The period for public comment on the U.S. Labor Department's proposed revisions in the regulations defining the federal Fair Labor Standards Act's Section 13(a)(1) exemptions ended on September 4.  Nevertheless, efforts are being made to forestall the release of the proposed changes, or at least to influence the final form of the revised regulations.

Employer Group Writes To Congress

Earlier this week, a coalition of employer associations and advocacy groups known as the Partnership to Protect Workplace Opportunity asked members of the Senate and the House of Representatives to contact USDOL, the Office of Management and Budget, "and others within the Administration" to "urge them to reconsider" the proposed changes.  PPWO pointed out that the current proposals would both curtail important workplace flexibilities and limit employees' career-advancement opportunities.

The letter also criticized what the coalition sees as being USDOL's inadequate and ill-founded analysis of the "devastating" economic and financial impact of what the agency seeks to do. PPWO referred to related concerns raised even by the Small Business Administration, the head of which is a member of President Obama's cabinet.  We are aware that other employer groups have directed similar objections to the OMB.

Congressional Outreach

According to Bloomberg BNA, members of Congress have been talking with USDOL in an effort to convince the agency to set the exemptions' salary minimum at a level below the proposed $921 a week (projected by USDOL to be $970 a week by the time the regulations are issued). In this regard, House Workforce Protections Subcommittee Chairman Tim Walberg (R-Mich) reportedly referred to lawmakers' request that USDOL establish instead a salary minimum annualizing to $36,000 (presumably, a rate of a little more than $692 a week).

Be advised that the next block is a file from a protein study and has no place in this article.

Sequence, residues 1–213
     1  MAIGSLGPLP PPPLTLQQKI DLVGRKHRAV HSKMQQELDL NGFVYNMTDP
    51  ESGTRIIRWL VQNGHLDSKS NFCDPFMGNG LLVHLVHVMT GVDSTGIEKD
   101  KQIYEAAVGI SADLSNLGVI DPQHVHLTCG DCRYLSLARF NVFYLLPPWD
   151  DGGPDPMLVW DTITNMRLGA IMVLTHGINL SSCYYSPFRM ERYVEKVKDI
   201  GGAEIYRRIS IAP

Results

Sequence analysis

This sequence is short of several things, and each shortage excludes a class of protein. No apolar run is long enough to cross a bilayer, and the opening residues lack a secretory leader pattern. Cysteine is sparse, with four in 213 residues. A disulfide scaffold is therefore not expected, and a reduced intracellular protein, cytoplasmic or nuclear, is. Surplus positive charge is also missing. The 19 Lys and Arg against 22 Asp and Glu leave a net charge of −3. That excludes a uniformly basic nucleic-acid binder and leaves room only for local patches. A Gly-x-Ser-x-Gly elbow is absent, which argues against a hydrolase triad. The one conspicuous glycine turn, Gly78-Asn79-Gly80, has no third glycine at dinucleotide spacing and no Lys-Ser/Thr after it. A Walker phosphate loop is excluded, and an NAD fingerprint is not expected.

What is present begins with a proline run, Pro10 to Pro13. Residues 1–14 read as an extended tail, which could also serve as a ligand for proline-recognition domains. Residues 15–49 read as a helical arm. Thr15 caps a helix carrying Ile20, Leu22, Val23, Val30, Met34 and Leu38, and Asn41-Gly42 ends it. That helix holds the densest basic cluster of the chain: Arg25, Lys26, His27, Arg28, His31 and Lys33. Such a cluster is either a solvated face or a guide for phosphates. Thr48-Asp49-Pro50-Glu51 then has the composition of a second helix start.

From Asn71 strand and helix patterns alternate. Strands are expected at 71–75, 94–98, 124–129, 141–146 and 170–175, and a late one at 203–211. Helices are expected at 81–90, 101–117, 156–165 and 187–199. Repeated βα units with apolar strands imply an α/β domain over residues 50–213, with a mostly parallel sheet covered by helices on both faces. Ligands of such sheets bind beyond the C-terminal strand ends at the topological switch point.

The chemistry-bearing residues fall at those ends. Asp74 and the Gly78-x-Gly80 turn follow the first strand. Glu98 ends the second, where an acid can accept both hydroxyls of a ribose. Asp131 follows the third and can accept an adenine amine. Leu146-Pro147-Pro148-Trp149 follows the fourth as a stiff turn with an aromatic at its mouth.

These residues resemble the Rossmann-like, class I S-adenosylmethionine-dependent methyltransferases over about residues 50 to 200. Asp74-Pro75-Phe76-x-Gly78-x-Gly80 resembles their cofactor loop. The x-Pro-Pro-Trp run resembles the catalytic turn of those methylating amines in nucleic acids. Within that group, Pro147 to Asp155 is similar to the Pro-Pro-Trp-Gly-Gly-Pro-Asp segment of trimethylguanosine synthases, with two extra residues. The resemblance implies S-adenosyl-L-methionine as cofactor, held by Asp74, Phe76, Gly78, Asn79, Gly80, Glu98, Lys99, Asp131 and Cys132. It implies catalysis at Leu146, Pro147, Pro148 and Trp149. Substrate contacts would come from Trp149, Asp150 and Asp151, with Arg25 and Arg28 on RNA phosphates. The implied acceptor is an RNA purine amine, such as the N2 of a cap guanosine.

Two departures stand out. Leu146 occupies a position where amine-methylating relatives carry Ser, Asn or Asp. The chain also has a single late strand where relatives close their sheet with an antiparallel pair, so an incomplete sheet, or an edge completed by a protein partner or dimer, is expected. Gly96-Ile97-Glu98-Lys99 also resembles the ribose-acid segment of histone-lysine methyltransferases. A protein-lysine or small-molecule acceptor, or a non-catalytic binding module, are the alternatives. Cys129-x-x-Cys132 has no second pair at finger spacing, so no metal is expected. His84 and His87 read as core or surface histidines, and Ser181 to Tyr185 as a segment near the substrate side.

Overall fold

Representative Walberg's remarks indicated that, if USDOL's response to these discussions is not acceptable to Congress, an effort might be made to block the final regulations under the Congressional Review Act, 5 U.S.C. §§ 801-808.  This law provides for declaring a "major rule" to be without force and effect if a disapproval resolution is enacted.  If the President vetoes the resolution (which in this instance would seem likely), then the measure would be effective only if Congress overrode the veto by a two-thirds vote in both the House and the Senate.

The Bottom Line

One can certainly hope that these laudable initiatives will have the intended results.

However, we are not optimistic that the proposed changes will be reconsidered and revised in any material way as a result of these efforts, or that their issuance will be postponed beyond the time that USDOL concludes the regulations are ready for publication.  And we currently see no reason whatsoever to believe that the new minimum salary will be anything nearly so low as an annualized $36,000.

We continue to recommend that employers move ahead with their analysis and planning so that they will be ready to move whenever this becomes necessary.  Moreover, they would be wise to do this against the backdrop of USDOL's proposals that were officially published in July.  Employers should not count on the success of any of these pushback efforts and should not anticipate that the eventual salary minimum will be 25% or more lower than USDOL has proposed.